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The Deeply Chill Science Behind the Sploof

Is it really possible for dryer sheets to mask the pungent smell of weed? A nuclear physicist, a nuclear engineer and a chemistry professor explain

Smoking weed in a 10 by 12 foot dorm room made of cinder-block walls with exactly one window over the course of a frigid winter in Champaign, Illinois wasn’t the easiest feat. However, like many college freshmen before us, my friends and I persevered. And by that, I mean we clumsily masked the smell of weed by using a wildly conspicuous contraption called a “sploof.” 

What is a sploof, you might ask? This relic of DIY stoner culture is a toilet paper roll stuffed with and capped off on one end by dryer sheets. To use it, you exhale weed smoke through the sploof, so the stinky exhaust is pushed through the nice smelling dryer sheet-filter before entering the atmosphere

To be sure, it works better on paper than it does in practice. Filtering your exhale through a sploof prevents the room from smelling like weed outright, but it now just smells like weed and laundry. So why are dryer sheets such an integral part of the sploof, instead of just a cloth filter, or better yet, an actual air filter? And is there a way for college freshmen today to improve upon the classic sploof design

In order to understand how sploofs work, it’s crucial to first understand the nature of the smoke being filtered through them. Exhaled marijuana smoke is made up of mostly oil-based cannabinoids and the particulate matter range in size, so it’s critical that the filter is able to trap both small and large particles.

That’s where the chemical composition of the dryer sheets becomes the most important factor. “If the filter were made up of cotton strands, then particles, particularly those smaller and intermediate sized, would tend to follow what’s called ‘laminar flow,’ and flow right around the labyrinth of fibers and out the other end, hence no filtration,” says Shane, a nuclear physicist who asked for anonymity given the deeply chill topic at hand. “In this case, filtration is caused by the smoke particles impinging on, and being captured by, the sticky fibers that make up the dryer sheets.” 

“Microscopically, dryer sheets — made from polyester or fabric — look almost exactly the same, especially when bunched up,” explains Jim Mumford, a mechanical and nuclear engineer in Michigan. “Dryer sheets are also coated in positively charged ions, which are literal magnets to smoke particles, which is why dryer sheets work much better than fabric alone would — any particles (smoke, dust, etc.) that pass through will be absorbed by the sheets.”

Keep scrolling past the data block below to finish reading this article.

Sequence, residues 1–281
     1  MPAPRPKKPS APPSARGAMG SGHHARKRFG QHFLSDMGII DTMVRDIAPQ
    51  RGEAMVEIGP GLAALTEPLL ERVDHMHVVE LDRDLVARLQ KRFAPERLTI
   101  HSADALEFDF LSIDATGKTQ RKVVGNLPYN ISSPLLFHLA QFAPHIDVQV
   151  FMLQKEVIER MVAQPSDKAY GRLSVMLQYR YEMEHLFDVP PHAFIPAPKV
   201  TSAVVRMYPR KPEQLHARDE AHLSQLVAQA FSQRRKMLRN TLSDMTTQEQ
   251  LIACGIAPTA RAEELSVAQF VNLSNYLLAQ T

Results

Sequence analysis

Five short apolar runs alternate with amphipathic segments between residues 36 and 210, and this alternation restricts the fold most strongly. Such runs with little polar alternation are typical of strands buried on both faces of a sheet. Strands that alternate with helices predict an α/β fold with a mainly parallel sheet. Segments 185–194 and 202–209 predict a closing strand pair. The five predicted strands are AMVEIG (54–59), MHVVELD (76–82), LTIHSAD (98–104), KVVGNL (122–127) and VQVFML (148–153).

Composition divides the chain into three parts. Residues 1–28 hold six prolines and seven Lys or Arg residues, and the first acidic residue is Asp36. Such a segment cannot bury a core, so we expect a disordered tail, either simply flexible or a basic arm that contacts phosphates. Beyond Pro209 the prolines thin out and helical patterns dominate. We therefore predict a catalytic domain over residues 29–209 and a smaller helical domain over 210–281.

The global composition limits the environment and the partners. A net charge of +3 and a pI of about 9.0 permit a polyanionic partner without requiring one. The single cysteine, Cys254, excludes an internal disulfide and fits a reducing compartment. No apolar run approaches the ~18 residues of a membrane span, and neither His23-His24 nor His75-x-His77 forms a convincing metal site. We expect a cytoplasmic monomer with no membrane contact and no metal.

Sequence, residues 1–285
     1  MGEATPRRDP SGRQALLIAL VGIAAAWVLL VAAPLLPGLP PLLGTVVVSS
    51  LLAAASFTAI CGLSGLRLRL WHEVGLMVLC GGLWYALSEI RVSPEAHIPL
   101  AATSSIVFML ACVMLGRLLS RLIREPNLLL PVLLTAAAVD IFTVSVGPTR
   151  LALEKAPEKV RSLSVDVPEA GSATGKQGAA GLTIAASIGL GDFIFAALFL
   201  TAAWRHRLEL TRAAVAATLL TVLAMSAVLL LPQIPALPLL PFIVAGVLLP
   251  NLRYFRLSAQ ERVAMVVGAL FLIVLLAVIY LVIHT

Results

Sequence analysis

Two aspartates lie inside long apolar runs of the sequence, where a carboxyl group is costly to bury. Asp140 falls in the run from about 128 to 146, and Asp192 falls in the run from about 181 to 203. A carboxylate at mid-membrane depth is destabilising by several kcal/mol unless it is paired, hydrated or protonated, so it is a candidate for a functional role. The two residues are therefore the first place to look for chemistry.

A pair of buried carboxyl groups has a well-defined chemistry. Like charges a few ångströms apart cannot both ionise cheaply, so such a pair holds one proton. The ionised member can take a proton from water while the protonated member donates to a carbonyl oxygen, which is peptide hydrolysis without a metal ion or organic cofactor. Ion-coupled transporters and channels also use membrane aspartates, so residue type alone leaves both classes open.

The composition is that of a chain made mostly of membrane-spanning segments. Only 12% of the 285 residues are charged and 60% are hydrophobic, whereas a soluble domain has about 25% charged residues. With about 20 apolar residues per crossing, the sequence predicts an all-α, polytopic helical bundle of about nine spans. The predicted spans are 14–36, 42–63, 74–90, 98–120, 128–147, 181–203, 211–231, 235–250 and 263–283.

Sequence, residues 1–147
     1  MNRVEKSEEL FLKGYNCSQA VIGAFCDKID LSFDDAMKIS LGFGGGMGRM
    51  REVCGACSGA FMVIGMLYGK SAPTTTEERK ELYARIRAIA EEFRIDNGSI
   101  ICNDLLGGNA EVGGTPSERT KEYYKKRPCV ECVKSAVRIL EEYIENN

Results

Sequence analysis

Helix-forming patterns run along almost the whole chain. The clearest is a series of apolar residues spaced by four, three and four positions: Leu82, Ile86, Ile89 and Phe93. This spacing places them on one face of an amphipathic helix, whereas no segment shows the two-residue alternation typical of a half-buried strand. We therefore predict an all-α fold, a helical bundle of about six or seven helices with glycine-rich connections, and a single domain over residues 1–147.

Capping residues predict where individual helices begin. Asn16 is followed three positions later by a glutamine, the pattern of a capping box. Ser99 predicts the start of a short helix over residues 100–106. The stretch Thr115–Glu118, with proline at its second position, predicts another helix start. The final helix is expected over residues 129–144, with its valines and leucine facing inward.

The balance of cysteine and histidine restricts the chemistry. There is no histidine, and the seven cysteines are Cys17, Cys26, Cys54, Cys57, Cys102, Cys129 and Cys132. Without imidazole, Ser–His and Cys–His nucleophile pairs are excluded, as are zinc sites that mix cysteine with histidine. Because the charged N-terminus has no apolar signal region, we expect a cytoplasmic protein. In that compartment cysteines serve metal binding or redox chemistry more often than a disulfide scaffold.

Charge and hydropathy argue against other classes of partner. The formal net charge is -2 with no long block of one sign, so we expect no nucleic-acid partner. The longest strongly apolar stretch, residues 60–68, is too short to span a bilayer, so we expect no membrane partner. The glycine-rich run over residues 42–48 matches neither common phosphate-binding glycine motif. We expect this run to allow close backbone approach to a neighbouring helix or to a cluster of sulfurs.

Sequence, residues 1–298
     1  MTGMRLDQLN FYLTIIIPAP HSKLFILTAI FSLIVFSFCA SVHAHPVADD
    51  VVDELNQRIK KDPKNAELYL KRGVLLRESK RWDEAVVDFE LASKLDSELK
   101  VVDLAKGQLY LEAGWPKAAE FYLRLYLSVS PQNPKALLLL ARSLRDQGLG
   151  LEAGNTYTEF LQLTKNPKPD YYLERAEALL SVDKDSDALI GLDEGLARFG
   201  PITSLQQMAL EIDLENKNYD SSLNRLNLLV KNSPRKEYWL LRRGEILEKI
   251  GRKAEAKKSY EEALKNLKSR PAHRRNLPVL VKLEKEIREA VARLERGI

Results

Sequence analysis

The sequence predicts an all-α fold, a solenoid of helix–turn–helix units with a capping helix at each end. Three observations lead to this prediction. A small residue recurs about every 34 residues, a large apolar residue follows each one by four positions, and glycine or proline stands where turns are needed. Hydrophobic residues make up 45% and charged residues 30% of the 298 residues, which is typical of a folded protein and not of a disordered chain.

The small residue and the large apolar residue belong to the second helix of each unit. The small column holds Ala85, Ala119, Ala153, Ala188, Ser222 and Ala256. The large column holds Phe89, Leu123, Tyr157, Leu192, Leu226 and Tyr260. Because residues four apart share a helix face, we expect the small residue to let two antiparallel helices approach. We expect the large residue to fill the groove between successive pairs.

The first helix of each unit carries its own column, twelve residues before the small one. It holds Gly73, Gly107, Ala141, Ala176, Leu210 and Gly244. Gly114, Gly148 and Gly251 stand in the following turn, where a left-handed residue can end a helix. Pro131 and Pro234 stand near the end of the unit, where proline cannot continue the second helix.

Per Shane, when it comes to marijuana smoke specifically, the hydrophobic agents that coat the dryer sheet fibers essentially “dissolve oil-based particles that make up exhalation,” which is why you get some small amount of scent-masking at the other end. Instead of a plume of 100 percent weed exhaust exiting the sploof, you now have a combination of those cannabinoid oil-based particles that didn’t dissolve or get trapped, plus the nice-smelling particles from the dryer sheet. 

If more filtration is needed, you simply increase the amount of dryer sheets stuffed into the tube. “The best way to capture particles that might slip through unfiltered is by increasing the density of fibers in the flow, at the cost of a needed pressure change in the tube,” Shane says. “This means you might have to blow pretty hard, but you’ll definitely have more efficient filtration.” 

However, this is where Mumford offers a bit of caution: “Dryer sheets aren’t exactly meant to be inhaled from, so make sure you don’t confuse the order of the proceedings, so to speak. Fiberglass in the lungs doesn’t make for a good time.” 

Given the painful prospect of a lungful of fiberglass, what about those fancy smoke-exhalation filters on Amazon? Trevor Makal, associate professor of chemistry at the University of Virginia’s College at Wise, explains the difference. “If the commercial product is using activated carbon, it’s likely at least somewhat effective at eliminating odors resulting from smoke,” he tells me. “In short, a porous material, such as activated carbon — as typically found in water filters, and now nearly everywhere — can capture some of the odor chemicals present in smoke.” 

This is why HEPA filters often include an activated carbon layer, he adds, as it assists in removing volatile organic compounds, or VOCs. Though he didn’t speak to the chemical makeup of exhaled marijuana smoke, he noted that the “odor compounds in tobacco smoke are primarily VOCs, and the porous nature of activated carbon leads to capture of these compounds.” He does clarify, however, that this is only true if the smoke is passing through the filter. “A smoldering cigarette that is not passing through the filter will still stink up a room,” he emphasizes.

But as someone who’s done plenty of research in “porous materials for gas capture and separation,” Makal doesn’t recall seeing dryer sheets being used in any filtration studies. “Dryer sheets, while smelling nice, are constructed from layered fibers, resulting in a rather loose structure that’s likely less effective at capturing VOCs,” he says. “I can safely say, though, that they aren’t ubiquitous in the scientific literature.” 

Compared to dryer sheets, then, the commercial smoke filter might be worth a try — especially if you’re smoking weed in hotel rooms or other places where dampening the smell is necessary. But for everyone else, the sploof falls into the same category as countless other pieces of DIY stoner engineering: It’s cheap, perfect to try in a pinch and the science behind it is solid but not quite airtight (literally in this case).